If you think golf players are meticulous about keeping their golf clubs clean, you should see them when it’s time to wash their golf balls.
After all, the balls take the hit and withstand all kinds of dirt, terrain, and weather. Plus, a clean golf ball can endure more hits, fly further, and be twice as effective as a dirty one.
Since golf balls can be pretty pricey, you’d like to read this guide on how to clean golf balls and stop tossing them in the garbage.
How To Clean Golf Balls?
Regular golf players know how important it’s keeping your golf equipment in top-notch shape.
And this includes timely cleaning of the golf balls you play in every weather possible, especially a rainy one — gotta scrub that mud off them.
Cleaning Light Dirt On Golf Balls
The best way to get rid of some light dirt stuck on your golf balls is by using a dishwasher.
Follow these steps:
- Use the dishwasher’s utensil compartment to fit the balls.
- Pour the usual dose of dishwasher detergent you use when setting the machine on a normal cycle.
- Once set – adjust it to a medium cycle for thoroughly cleaning the balls.
- When the cycle is done, get them out of the machine and dry them with an older piece of cloth.
* Remember that the hot water and dishwashing detergent mixture work only on balls that require minimum cleaning.
Also read: How many dimples on a british golf ball?
Cleaning Moderate Dirt On Golf Clubs
Moderately dirty balls are best cleaned when in batches. You’ll need to soak them well for the grass, mud, and other dirt to fall off.
Here’s how you can do that:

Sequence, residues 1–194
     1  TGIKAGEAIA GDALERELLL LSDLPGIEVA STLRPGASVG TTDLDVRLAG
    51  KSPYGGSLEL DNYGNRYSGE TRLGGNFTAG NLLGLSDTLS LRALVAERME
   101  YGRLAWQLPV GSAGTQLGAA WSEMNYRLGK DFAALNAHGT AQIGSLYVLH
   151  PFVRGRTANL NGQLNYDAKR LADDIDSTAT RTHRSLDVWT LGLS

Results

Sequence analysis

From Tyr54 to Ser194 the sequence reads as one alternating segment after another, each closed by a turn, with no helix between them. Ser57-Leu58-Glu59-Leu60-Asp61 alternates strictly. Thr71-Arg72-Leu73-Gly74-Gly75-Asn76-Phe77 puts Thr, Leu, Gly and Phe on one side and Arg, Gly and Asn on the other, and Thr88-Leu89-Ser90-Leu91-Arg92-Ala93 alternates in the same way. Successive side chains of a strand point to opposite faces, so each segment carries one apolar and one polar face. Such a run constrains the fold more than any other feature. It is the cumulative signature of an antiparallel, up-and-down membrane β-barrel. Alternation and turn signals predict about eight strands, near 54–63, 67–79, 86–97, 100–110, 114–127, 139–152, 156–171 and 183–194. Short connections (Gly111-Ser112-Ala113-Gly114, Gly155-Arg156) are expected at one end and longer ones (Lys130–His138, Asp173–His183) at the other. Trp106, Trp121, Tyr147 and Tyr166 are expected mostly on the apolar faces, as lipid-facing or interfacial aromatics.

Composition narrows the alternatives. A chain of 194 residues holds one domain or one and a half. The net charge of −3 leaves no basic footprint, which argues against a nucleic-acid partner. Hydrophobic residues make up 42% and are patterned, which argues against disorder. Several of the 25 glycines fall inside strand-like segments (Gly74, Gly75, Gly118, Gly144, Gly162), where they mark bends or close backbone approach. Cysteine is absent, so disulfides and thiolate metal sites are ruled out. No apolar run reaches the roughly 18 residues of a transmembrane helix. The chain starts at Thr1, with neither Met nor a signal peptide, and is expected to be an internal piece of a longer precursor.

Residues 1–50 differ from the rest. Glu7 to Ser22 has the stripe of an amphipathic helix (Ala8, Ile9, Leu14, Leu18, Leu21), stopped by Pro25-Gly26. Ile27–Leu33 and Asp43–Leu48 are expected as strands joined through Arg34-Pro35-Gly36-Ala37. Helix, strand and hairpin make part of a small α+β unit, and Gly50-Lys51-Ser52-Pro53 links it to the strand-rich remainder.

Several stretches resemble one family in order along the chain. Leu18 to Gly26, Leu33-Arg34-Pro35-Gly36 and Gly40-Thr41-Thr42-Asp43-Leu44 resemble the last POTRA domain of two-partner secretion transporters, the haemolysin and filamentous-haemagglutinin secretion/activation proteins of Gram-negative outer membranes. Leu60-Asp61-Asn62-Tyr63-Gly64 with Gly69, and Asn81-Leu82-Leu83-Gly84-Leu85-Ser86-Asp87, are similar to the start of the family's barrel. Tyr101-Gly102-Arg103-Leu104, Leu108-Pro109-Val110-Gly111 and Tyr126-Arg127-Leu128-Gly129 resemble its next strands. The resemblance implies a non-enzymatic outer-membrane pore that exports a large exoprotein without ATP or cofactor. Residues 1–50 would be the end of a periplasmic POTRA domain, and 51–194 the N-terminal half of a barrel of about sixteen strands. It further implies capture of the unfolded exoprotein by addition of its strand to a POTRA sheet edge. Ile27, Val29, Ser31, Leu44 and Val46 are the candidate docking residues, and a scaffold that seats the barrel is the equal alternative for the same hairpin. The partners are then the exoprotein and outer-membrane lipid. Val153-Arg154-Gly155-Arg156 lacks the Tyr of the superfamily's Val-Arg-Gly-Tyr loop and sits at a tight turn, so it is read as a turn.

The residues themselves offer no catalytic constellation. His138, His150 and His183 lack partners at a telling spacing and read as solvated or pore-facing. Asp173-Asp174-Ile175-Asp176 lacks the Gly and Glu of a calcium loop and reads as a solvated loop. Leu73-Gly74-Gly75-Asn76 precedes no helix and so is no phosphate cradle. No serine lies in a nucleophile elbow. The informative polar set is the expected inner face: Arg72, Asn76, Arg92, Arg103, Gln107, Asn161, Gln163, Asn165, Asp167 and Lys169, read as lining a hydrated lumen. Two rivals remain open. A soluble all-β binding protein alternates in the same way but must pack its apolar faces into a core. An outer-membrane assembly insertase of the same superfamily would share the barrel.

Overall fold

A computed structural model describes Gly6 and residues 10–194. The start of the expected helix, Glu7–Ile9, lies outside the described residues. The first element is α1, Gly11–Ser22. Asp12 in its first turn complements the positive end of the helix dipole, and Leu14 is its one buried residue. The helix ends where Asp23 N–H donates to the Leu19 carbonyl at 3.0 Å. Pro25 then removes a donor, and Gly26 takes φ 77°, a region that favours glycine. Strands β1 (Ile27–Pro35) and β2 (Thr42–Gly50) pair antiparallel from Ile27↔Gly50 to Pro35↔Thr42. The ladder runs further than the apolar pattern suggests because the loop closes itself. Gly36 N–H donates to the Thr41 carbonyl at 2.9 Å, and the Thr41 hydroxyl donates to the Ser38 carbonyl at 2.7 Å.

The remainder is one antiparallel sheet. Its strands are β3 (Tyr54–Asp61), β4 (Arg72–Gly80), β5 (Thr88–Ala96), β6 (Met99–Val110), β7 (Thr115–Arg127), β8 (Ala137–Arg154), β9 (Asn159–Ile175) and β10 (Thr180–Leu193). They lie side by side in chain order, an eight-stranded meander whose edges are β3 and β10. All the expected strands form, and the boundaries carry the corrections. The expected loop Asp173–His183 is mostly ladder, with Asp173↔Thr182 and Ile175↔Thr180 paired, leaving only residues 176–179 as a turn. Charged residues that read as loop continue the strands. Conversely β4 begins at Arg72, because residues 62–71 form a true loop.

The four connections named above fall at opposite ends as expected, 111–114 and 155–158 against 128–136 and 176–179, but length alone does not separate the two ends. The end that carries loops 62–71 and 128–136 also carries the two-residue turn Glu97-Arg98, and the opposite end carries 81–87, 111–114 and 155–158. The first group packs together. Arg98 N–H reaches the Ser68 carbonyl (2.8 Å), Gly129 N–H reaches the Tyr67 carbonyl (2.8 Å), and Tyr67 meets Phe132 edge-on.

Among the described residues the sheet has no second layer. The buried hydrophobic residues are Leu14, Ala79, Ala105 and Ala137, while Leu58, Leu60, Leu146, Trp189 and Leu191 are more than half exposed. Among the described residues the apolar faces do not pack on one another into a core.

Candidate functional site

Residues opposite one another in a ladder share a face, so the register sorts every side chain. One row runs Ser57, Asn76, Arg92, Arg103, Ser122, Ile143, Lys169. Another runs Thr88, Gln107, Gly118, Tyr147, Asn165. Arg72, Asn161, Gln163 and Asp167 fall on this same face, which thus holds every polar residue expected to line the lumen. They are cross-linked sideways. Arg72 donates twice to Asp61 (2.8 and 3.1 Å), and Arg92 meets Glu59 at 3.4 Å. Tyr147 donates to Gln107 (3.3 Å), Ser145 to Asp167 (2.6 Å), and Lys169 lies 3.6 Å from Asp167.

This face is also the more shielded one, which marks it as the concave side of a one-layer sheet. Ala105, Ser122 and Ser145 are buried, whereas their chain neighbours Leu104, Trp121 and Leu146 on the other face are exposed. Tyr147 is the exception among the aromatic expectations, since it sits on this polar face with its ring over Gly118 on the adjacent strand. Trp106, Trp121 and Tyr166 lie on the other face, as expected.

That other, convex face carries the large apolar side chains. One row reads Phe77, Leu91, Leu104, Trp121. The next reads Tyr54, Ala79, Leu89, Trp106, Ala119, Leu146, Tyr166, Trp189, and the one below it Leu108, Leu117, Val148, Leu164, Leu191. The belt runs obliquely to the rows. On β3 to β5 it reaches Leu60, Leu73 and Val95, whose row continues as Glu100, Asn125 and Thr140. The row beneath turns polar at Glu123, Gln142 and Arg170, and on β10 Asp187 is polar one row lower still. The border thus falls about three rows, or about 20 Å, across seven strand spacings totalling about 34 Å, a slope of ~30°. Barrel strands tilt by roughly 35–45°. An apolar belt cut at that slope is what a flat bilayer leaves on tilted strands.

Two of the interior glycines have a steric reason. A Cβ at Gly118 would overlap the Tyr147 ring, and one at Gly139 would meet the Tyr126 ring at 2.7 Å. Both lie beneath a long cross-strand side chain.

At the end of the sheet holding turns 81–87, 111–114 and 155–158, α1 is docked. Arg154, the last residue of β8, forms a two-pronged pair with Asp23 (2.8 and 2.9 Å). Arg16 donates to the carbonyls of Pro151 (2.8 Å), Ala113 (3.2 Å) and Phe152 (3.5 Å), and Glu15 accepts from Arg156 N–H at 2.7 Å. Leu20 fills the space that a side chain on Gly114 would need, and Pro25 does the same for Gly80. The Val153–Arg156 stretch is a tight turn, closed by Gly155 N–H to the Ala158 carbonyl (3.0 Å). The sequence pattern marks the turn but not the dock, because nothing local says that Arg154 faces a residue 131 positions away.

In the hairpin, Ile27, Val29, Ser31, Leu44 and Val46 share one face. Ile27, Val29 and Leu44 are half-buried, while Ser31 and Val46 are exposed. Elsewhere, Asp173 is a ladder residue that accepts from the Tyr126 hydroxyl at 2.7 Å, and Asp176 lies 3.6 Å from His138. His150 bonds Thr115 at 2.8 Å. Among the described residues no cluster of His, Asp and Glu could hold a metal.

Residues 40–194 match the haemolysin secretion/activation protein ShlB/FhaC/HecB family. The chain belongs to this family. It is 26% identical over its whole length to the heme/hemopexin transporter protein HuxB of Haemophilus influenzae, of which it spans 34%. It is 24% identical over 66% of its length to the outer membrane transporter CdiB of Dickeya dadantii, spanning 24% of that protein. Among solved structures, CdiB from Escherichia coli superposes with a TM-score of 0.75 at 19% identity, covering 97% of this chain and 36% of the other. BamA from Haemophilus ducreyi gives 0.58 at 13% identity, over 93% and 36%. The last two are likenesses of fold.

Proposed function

- Consider getting a bucket whose size matches the number of golf balls you want to put in.
- Now, fill half the bucket with warm water and pour a cup of vinegar. If you don’t have any, you can use ammonia or bleach.
- Leave the balls inside for 20 to 30 minutes.
- Drain the water from the bucket and use pressure water to clean the balls. You’ll notice that the cleaning ingredients have taken down most of the dirt.
- Wipe the balls using some older towel and put them somewhere sunny for faster drying.
Cleaning Heavy Dirt On Golf Balls
Nothing ruins the effectiveness of a golf ball like rainy weather and muddy golf courses. But rain and heavy mud have nothing on the good old elbow grease, a.k.a. polishing.
Follow these steps and learn how to polish your golf balls correctly:
- Fill the bucket with warm water and vinegar and place the balls inside.
- Let them soak for an hour to get rid of the stubborn slime and mud.
- In the meantime, make a paste using water and baking soda. You can easily rub the paste into the balls’ dimples. For more efficient cleaning, use a stiff brush.
- If there is any leftover dirt on the balls, use some pressure water.
- Use an older cleaning towel to dry the golf balls before you place them in a sunny spot.
Removing Pen Marks On Golf Balls
Some golf balls have pen or marker spots on them; this is usually the case with used balls. However, washing them out is easier than you think. All you need is some acetone-based nail remover.
Check these steps on how to use the acetone-based remover with golf balls: